Role of silicon in plant resistance to water stress
Agricultural productivity is strongly affected by different abiotic stresses, among which water stress is the major environmental constraint limiting plants growth. The primary reason for water stress is drought or high salt concentration in soil (salinity). Because both of these stress factors lead to numerous physiological and biochemical changes in plants and result in serious loss in yields, there is a pressing need for finding the effective ways for increasing crops’ resistance to stress factors. One of the alternative methods involving alleviation of negative stress effects might be application of silicon as a fertiliser (root or foliar supply). Many plants, particularly monocotyledonous species, contain large amounts of Si (up to 10% of dry mass). In spite of the high Si accumulation in plants (its amount may equal concentration of macronutrients), until now it has not been considered as an essential element for higher plants. Many reports have shown that silicon may play a very important role in increasing plant resistance to noxious environmental factors. Hence, Si is recognised as a beneficial element for plants growing under biotic and abiotic stresses. The main form of Si which is available and easily taken up by plants is monosilicic acid (H4SiO4). Plants take up Si from soil solution both passively and actively. Some dicotyledonous plants such as legumes tend to exclude Si from tissues – rejective uptake. These plants are unable to accumulate Si and they do not benefit from silicon. Under water stress conditions, silicon might enhance plants’ resistance to stress and ameliorate growth of plants. These beneficial effects may result from better and more efficient osomoregulation, improved plant water status, reduction in water loss by transpiration, maintenance of adequate supply of essential nutrients, restriction in toxic ions uptake and efficient functioning of antioxidative mechanisms. Based on the current knowledge and presented data, it can be concluded that therole of Si in plants is not restricted to formation of physical or mechanical barrier (as precipitated amorphous silica) in cell walls, lumens and intercellular voids. Silicon can also modulate plants’ metabolism and alter physiological activities, particularly in plants subjected to stress conditions. However, in some plants, increased silicon supply does not improve plant growth. Hence, a better understanding of the interactions between silicon application and plant responses will contribute to more efficient fertiliser practices, especially under stress conditions.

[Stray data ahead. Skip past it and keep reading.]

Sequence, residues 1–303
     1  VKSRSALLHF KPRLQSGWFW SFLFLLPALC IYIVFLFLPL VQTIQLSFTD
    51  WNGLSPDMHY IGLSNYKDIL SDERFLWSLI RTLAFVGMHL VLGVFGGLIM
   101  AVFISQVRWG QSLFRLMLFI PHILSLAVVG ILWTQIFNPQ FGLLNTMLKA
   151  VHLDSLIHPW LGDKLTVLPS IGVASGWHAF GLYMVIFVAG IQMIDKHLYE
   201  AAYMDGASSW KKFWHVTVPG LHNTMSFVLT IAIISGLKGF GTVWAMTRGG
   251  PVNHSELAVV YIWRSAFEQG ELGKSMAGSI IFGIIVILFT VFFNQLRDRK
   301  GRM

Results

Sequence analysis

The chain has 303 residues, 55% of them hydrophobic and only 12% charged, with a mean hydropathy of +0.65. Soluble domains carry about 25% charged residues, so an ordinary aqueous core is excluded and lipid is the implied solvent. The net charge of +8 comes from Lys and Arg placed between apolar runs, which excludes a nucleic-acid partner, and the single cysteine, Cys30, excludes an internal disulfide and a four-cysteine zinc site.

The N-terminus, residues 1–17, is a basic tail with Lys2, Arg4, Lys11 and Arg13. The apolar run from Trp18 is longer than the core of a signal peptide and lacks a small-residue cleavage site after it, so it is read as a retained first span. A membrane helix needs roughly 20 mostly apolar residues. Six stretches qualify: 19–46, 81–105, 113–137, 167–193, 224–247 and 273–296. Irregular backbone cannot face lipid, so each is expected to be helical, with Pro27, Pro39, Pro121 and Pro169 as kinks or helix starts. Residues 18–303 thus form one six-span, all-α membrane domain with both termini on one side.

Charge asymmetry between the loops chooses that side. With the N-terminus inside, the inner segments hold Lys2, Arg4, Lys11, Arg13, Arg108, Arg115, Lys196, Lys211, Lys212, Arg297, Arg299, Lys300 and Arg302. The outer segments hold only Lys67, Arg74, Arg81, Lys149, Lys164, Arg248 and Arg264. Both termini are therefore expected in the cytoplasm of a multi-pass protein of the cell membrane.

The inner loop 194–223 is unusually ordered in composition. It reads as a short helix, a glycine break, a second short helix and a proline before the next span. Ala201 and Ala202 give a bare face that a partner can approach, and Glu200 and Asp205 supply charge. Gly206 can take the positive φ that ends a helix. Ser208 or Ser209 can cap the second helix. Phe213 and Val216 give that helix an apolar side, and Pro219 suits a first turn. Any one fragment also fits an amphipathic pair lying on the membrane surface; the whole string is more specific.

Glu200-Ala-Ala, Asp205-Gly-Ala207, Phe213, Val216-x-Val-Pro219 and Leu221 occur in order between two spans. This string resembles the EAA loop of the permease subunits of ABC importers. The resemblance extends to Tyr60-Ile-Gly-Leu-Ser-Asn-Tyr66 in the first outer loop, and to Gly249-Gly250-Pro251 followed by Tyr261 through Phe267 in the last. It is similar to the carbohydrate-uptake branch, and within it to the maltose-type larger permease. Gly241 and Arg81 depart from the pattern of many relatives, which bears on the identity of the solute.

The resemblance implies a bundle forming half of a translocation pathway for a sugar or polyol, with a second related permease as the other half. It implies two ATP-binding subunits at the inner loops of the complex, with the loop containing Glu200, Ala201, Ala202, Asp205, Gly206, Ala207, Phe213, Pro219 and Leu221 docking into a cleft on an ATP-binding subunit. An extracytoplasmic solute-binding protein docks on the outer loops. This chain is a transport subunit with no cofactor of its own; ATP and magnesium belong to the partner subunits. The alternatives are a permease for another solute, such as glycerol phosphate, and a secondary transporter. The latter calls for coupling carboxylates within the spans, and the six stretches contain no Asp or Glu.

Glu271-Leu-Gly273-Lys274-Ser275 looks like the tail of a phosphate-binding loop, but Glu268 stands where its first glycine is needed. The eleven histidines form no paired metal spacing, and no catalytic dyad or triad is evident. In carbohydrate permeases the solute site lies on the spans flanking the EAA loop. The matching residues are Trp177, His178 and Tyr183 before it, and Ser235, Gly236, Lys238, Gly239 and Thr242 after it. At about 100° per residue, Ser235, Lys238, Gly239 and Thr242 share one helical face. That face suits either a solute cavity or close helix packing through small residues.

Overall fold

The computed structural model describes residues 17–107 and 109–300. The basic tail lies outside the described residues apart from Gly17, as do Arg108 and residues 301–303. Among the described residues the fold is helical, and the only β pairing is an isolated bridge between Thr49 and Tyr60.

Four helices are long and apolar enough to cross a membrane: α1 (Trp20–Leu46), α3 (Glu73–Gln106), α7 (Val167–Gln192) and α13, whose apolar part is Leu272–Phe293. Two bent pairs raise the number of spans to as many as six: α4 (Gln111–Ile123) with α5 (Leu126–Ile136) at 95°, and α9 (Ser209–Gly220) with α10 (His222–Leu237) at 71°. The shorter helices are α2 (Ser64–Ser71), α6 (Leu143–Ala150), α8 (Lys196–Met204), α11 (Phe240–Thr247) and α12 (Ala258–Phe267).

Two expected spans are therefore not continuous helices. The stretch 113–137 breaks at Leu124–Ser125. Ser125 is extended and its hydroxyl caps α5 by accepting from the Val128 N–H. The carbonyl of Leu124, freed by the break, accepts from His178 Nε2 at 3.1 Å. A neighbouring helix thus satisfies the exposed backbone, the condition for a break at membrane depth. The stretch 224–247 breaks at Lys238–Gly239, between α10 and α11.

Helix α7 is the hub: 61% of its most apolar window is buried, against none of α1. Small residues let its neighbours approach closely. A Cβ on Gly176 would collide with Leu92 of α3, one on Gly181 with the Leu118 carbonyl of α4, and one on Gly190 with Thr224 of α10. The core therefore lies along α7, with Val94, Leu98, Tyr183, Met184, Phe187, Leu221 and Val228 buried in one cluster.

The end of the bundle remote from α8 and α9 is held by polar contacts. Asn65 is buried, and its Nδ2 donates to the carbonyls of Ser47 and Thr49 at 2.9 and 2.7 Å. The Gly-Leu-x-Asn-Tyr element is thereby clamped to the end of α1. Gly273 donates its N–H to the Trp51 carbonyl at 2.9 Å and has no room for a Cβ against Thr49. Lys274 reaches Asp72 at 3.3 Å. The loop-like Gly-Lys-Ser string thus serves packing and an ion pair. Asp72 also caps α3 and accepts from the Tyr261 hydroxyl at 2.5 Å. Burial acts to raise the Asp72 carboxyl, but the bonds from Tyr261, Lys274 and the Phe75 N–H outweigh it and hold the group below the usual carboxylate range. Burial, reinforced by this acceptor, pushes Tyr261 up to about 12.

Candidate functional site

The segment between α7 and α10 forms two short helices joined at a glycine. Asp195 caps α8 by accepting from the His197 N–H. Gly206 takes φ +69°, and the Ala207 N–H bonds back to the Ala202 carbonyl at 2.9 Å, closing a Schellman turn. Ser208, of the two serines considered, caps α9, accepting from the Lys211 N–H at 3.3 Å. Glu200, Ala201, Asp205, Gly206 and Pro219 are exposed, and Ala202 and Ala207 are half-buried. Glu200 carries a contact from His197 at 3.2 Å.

Sacała E. 2009. Role of silicon in plant resistance to water stress. J. Elem. 14(3): 619-630.
silicic acid, Si uptake, water stress, drought, salinity, resistance